Tax Q&A: Can you claim pre-purchase expenses?


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Claiming pre-purchase expenses

Q: Further to your last article regarding ‘Claiming pre-purchase expenses’, I am currently building a new investment property and paying bank interest on the loan while it’s under construction. Am I able to claim the accumulated bank interest (until the building is completed) against the rent income that I will be receiving in the same fi nancial year?

A: As long as your intention and purpose when building the new investment property is to derive assessable income (rent) from it when construction is completed within a reasonable timeframe, then the bank interest on the loan is tax deductible while the property is under construction.

Under Taxation Ruling 2004/4, whereby interest may be claimed for a period prior to rent being received, the ATO accepts that interest incurred during a period prior to the derivation of relevant assessable income will be “incurred in gaining or producing the assessable income” in the following circumstances:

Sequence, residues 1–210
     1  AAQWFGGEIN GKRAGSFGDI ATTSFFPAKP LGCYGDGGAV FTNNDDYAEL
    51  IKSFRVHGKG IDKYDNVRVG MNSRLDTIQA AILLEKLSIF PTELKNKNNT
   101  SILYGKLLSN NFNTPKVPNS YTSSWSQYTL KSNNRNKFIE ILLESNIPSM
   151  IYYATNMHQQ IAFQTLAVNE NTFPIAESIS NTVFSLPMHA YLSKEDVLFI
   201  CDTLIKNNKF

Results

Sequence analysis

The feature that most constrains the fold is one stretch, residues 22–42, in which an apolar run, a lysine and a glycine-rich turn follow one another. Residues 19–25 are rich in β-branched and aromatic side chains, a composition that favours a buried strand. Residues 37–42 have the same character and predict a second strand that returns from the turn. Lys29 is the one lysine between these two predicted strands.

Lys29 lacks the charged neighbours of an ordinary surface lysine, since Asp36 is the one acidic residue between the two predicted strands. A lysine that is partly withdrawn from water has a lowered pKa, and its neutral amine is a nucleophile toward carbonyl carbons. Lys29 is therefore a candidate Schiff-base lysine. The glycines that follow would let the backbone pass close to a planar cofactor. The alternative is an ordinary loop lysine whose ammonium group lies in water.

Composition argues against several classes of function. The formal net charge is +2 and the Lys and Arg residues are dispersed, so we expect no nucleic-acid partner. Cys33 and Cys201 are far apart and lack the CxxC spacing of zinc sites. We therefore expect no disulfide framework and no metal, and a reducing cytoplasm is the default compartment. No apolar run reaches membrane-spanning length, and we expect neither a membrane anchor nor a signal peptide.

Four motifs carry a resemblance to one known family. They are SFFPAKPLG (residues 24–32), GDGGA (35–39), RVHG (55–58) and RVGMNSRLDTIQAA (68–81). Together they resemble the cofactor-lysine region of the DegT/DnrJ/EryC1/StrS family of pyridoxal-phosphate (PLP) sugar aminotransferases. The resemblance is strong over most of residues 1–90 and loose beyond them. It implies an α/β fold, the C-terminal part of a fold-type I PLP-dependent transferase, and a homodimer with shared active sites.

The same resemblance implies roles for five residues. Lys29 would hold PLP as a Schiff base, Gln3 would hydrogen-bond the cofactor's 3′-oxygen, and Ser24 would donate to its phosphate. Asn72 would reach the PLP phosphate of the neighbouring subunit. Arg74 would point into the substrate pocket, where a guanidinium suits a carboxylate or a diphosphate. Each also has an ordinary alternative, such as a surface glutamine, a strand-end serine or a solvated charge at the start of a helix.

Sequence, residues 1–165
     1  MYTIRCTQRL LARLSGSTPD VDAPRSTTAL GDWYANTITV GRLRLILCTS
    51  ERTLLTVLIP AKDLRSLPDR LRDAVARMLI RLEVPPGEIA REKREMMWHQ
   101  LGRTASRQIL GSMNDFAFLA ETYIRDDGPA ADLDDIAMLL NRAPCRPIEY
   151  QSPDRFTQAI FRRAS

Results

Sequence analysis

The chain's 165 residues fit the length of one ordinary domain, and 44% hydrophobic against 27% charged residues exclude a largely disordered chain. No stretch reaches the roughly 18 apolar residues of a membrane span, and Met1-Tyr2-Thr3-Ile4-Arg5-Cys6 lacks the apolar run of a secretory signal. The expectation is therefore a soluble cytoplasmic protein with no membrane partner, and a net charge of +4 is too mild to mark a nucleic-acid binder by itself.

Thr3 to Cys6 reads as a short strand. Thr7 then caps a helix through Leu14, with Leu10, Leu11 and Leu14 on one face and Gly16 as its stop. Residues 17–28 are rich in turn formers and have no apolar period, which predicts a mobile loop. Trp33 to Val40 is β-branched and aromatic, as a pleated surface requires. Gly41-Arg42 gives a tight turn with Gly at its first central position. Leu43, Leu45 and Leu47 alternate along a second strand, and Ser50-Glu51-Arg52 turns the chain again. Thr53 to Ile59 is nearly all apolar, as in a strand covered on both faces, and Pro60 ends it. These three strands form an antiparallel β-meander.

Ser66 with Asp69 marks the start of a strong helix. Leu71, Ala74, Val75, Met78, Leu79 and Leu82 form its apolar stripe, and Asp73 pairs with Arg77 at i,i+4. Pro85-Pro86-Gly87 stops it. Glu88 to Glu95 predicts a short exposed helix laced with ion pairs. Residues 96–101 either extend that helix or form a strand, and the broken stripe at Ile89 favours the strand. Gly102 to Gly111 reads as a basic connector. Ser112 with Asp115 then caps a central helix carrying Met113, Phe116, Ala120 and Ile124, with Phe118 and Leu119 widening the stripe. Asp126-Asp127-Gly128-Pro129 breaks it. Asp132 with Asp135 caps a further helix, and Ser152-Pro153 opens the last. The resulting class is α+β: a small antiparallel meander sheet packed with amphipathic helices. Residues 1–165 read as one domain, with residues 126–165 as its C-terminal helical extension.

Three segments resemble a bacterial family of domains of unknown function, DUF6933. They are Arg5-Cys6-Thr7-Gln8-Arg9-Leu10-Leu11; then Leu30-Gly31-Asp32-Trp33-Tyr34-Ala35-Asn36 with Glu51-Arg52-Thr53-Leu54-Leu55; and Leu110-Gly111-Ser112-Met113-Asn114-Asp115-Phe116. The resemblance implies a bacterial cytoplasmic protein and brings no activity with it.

• The interest is not preliminary to the income-earning activities;
  • The interest is not private or domestic;
  • The period of interest outgoings before the derivation of assessable income is not so long that the necessary connection between the outgoings and assessable income is lost;
  • The interest is incurred with one end in view: the gaining or producing of assessable income; and
  • Continuing efforts are undertaken in pursuit of that end.
This therefore means that, provided the ATO is satisfi ed that the above conditions have been met, a tax deduction for interest expenses incurred can be claimed before rental income is derived where, for example, the investment property is being constructed and/or undergoing construction for income-producing purposes.

It is very important that the intention must always be and continues to exist for the generation of assessable income at all times, where the nexus between the interest expense incurred and the intention of deriving assessable income (rent) must not be broken, even though at the time there is no assessable income derived.